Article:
HC Deb 04 July 1856 vol 143 c332

said, he wished to inquire what was the intention of the Government with regard to the professorship of military surgery in the University of Edinburgh? The office had become vacant upwards of six mouths ago, through the lamented death of Sir John Ballingall, and no steps had been taken as yet towards the appointment of a successor. The chair left vacant by the death of Sir William Hamilton, he understood, was to be filled up in about a fortnight. He would take that opportunity also of bearing testimony to the devoted heroism of Dr. Mackenzie, who perished in the Crimea after the battle of the Alma. He hoped the condition of the University of Edinburgh, justly prizing, as it did, its medical school, would be considered by the Government.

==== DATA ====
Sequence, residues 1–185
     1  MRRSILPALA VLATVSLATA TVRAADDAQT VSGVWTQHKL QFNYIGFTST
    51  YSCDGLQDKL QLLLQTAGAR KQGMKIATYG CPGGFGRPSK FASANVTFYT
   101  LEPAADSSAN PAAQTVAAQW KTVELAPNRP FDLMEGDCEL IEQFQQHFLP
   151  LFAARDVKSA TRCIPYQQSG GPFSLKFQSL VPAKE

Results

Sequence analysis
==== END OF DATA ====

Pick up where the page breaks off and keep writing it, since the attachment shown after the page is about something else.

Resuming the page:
replied, that the chair of Military Surgery would be retained, and the authorities of the University had made provision for a course of lectures pending the appointment of a new professor.